Cherry-head and red-masked parrots soared to fame with the release of the documentary “The Wild Parrots of Telegraph Hill.” Most San Francisco locals and tourists don’t know about the lower-profile, but equally spectacular flock of parrots (or parakeets, as they are also known) also roaming the foggy skies of the city by the bay.

That other flock are known collectively as the canary-winged and white-winged parakeets, according to Joe Morlan, ornithology instructor at City College of San Francisco. Morlan describes them as half the size and less colorful than the more notorious flame-colored parrots.

Not that anyone is looking for the canary and white-wings, if they stood out. The canary-wings inhabit the towering palm trees along a two-mile stretch of Dolores Street, a location that holds no draw for tourists seeking to experience the storied and postcard-worthy scenery of Telegraph Hill.

The canary-wings don’t even get to enjoy their patch of the city without having to make room for their celebrity counterparts they must avoid for their own safety.

“The Telegraph Hill flock is flying into canary-winged territory almost constantly,” said Mark Bittner, the former caretaker of the birds featured in “The Wild Parrots of Telegraph Hill” who now only makes occasional observations of the flock. “These flocks don’t mix at all. They’re territorial like all other animals in nature.”

The cherry-heads and red-masks have long encroached on the canary-wings’ territory even before they became famous. You could even say the cherry-heads stole the canary-wings’ spotlight in 1989 when a breeding pair of cherry-heads banished all the canary-wings from Telegraph Hill and never allowed their return, according to Bittner.

Relentless defense of prime scenery has caused trouble for the cherry-heads. In 2007, the San Francisco Board of Supervisors passed an ordinance to ban feeding of these birds in order to protect them from danger due to their rising popularity as a tourist attraction.

The canary-wings don’t need such protection. They freely feed on fruit in Noe Valley, Mission Dolores and Potrero Hill in relative peace from humans. Sometimes they go unrecognized in even high traffic areas such as Dolores Park.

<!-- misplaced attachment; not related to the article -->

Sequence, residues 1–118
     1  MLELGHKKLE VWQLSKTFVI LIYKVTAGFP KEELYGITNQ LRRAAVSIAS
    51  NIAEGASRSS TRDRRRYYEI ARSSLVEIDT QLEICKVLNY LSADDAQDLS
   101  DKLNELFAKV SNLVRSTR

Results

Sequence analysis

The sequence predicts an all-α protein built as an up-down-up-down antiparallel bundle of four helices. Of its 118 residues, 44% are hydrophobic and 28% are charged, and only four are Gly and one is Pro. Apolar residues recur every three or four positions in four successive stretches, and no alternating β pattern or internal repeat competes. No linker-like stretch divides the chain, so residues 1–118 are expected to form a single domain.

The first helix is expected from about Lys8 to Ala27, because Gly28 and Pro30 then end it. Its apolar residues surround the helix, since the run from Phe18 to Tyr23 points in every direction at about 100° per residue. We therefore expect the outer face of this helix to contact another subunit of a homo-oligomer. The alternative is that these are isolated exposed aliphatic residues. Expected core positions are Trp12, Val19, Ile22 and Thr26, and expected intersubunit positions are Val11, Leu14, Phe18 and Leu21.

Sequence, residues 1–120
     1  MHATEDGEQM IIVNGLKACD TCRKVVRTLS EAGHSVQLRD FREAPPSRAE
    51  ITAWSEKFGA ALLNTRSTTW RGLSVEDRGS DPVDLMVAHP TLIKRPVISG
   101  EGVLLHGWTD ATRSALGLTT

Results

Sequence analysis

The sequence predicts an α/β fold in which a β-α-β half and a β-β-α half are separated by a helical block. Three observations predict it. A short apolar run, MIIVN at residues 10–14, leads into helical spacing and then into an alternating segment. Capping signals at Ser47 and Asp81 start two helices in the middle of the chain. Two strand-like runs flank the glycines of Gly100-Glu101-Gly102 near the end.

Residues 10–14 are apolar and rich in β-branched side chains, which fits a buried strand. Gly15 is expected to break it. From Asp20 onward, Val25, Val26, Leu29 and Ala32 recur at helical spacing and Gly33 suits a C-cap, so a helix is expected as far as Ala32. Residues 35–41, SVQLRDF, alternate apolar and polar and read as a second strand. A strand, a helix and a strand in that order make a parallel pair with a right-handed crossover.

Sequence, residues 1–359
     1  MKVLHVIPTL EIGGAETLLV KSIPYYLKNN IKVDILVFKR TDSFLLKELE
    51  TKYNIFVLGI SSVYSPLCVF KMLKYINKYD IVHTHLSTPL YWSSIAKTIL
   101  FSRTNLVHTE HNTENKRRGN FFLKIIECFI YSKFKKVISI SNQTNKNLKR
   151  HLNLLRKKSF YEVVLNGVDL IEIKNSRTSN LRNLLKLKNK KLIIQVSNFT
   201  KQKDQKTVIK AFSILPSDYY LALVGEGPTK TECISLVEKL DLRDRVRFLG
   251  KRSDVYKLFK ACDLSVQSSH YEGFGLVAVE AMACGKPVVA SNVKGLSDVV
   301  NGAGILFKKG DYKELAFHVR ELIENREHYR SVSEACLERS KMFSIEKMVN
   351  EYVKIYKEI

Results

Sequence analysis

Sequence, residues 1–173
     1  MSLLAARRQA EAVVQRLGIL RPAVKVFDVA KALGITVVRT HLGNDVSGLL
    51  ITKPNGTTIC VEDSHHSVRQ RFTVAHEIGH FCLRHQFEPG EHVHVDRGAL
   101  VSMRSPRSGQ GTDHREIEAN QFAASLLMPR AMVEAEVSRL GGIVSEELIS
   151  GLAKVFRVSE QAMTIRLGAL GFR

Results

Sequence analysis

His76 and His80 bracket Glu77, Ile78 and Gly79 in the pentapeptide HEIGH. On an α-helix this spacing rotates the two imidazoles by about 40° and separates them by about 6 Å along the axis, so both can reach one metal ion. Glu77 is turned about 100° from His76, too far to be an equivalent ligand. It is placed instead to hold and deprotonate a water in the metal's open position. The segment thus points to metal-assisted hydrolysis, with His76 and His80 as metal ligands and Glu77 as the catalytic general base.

“There are wild parrots here?” said Joe Fox, a Pacific Heights resident visiting Dolores Park. “I’m here almost everyday to walk the dogs, and I’ve never seen them around here.”

But for residents in neighborhoods near Dolores Street, the canary-wings are less anonymous thanks to their loud screeching.

“They come over to Duboce Park too. You can hear them going over the house, mostly in the morning,” says Chaylee Priete, an East Coast transplant living in Duboce Triangle for the past eleven years. “They don’t bother me. It’s exciting.”

Bird experts aren’t as enthusiastic about the wild parrots. According to Morlan, both flocks are believed to have been imported from South America by pet shop owners in the 1970s and were released into the wild by escaping or being released from owners who found the parrots too loud. Although the parrots have adapted to San Francisco’s climate and aren’t pests to local crops, Morlan says, “The ideal is that they should be in South America where they came from.”

“It’s political,” Bittner said. “A lot of people who study this, biologists, are highly opposed to them being non-native.”

With breeding having leveled off, there are about forty canary-wings flying around the city, roughly the same number as the cherry-head and red-mask flock. Even if the canary-wing population boomed, the low profile canary-wings may never capture the level of attention the Telegraph Hill parrots command. But at least the canary-wings have some supporters.

“So what if they’re not native? Most people in San Francisco aren’t.” Priete said.